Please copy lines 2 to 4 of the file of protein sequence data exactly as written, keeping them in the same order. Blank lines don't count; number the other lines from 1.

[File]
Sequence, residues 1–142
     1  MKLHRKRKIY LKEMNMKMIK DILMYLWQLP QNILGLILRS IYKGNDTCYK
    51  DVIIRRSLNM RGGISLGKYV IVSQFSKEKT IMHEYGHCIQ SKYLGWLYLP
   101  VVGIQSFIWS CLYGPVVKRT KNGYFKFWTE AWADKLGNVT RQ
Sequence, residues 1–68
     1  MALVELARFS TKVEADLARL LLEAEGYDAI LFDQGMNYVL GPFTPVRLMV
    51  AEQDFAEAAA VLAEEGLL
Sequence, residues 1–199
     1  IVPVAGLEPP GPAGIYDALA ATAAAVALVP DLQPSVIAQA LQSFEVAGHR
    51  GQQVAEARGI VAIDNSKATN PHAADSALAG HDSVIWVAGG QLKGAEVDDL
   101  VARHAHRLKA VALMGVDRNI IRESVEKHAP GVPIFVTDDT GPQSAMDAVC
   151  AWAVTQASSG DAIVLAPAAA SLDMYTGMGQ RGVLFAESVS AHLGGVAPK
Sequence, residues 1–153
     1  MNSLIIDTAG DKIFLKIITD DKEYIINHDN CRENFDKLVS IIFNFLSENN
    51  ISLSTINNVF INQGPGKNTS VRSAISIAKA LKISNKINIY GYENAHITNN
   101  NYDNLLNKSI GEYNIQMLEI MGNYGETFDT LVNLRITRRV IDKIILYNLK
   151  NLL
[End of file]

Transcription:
     1  MKLHRKRKIY LKEMNMKMIK DILMYLWQLP QNILGLILRS IYKGNDTCYK
    51  DVIIRRSLNM RGGISLGKYV IVSQFSKEKT IMHEYGHCIQ SKYLGWLYLP
   101  VVGIQSFIWS CLYGPVVKRT KNGYFKFWTE AWADKLGNVT RQ